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Race Rewind: Subway Fresh Fit 500

- rbonnell@charlotteobserver.com
Sunday, Mar. 03, 2013

It was a rough day for Toyota's motor program. For separate reasons, two of Toyota's top drivers - Kyle Busch and Denny Hamlin - had to start at the back of the field for Sunday's Subway Fresh Fit 500 because of motor replacements.

Both situations involved valve springs, which are routinely replaced between qualifying and the race in Sprint Cup. In Hamlin's case, the mechanics found a part failure that required replacing the engine. With Busch, who won Saturday's Nationwide event, human error in re-assembling the engine caused the replacement.

Based on qualifying, Busch would have started fourth and Hamlin eighth. Those were two of Toyota's top three entries, behind pole-sitter Mark Martin.

Busch couldn't finish last week's Daytona 500 due to engine trouble.

The relationship between Busch and Toyota Racing Development has been touchy in the past. Last October, Busch led most of the race in Dover, Del., only to miss a win because he had to pit for gas.

After that race, Busch made critical remarks about TRD over his in-car radio. After the remarks became public, Busch issued an apology to TRD, saying his comments were out of "frustration'' and "very misguided.''

Two other cars also went to the back of the field - David Stremme's Toyota for a transmission problem and Kurt Busch's Chevrolet; he went to a backup car.

OBSERVATIONS

• It was funny hearing Hamlin talk about Edwards' 70-race span without a victory, and what that would have done to him: "I'd be in the nuthouse after 50,'' Hamlin said. Then he offered the backhanded compliment that Edwards is "relevant'' again. Edwards rolled his eyes at that word, saying he's glad Hamlin avoided calling him "irrelevant'' the past few months.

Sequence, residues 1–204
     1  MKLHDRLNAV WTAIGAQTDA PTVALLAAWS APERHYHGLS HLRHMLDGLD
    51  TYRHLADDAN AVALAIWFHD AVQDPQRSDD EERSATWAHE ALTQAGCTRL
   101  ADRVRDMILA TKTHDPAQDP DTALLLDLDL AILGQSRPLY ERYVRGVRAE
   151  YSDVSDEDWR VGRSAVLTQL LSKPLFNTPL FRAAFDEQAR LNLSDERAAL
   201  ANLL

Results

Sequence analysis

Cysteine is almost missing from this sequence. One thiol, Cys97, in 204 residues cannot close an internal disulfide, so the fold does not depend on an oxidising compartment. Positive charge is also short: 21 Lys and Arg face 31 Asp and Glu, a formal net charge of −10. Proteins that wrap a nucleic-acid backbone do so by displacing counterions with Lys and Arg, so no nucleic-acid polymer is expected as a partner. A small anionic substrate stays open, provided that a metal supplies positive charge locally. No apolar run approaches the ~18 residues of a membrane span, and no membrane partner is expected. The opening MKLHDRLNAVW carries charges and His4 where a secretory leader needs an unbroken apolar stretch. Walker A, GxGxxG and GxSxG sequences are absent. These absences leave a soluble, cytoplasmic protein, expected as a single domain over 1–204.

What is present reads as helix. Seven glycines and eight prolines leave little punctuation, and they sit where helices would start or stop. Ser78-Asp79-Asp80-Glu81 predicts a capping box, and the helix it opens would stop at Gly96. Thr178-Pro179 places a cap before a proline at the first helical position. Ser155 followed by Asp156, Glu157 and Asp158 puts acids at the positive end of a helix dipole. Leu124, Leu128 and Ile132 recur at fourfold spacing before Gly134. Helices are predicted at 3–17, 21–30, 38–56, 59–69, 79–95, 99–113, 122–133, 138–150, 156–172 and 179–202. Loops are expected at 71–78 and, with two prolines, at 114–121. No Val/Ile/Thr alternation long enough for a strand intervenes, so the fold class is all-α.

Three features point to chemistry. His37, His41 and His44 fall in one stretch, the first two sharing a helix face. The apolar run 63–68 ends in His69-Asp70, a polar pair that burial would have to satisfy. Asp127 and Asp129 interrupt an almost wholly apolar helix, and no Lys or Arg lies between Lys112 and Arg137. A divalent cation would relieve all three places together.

• Edwards didn't want to talk about all the misfortune; he passed on most interview requests last week. But post-race he admitted drivers have pretty fragile egos, and there's no question he'd become a little snake-bitten by those five wrecks in Daytona. He acknowledged Sunday that when he over-revved his engine a bit in practice, he feared the worst. And why wouldn't he?

• I'd love to see Mark Martin win one more time before he retires. It's not just that he's 54. It's that he's 54 and viable. There is nothing ceremonial or nostalgic about his presence in the field - when he's in your rear-view mirror, you're in for a race.

• The weather forecast was for clear skies all day, and then clouds rolled in about an hour before race time with a real threat of rain. You simply never anticipate it raining in Phoenix, yet it does. The Super Bowl the Giants and Patriots played here was miserably wet and cold a few years ago.

• I guess the surest thing in racing remains Hendrick equipment. Jimmie Johnson has a win and a second place. Dale Earnhardt Jr., has two top-five finishes. Not taking anything away from their individual skills, but there has to be something about the consistency of the Hendrick organization.

FIVE KEY MOMENTS

1. Mark Martin, the pole winner and clearly the strongest car at the outset of the race, tried early on to just take two tires rather than four. The calculated risk didn't work, and Martin had to enter the pits on green. A caution just after he got to his pit mitigated the time he was about to lose.

2. Danica Patrick's crash with a little over 100 laps left gave everyone else the pit stop they needed in anticipation of a long green-flag run. That's right about when Carl Edwards establish his dominance as Sunday's car to beat.

3. With about 40 laps left, drivers and crews for the challengers started doing their balancing act between conserving fuel and not losing track position. Jimmie Johnson let up for a few laps, allowing Brad Keselowski to pass him out of concern for his fuel situation. A back-and-forth between Johnson and Keselowski could only work in Edwards' favor down the stretch.

4. Ken Schrader tapping the wall with three laps left brought out the caution, setting up the spectacular green-white-checker finish. Barring that, Edwards would have won going away.

5. In the restart, Edwards didn't quite keep up with the speed of the pace car, which Johnson said breaks NASCAR protocol. Of that bending of the rules - it causes the pursuit to lose cadence with the leader -- Denny Hamlin said, "I just know Carl was way out there once we got started.''

Next Race:

Kobalt Tools 400

Where: Las Vegas Motor Speedway.

When: 3 p.m. Sunday

TV: Fox

Radio: Performance Racing Network

Last year's winner: Tony Stewart

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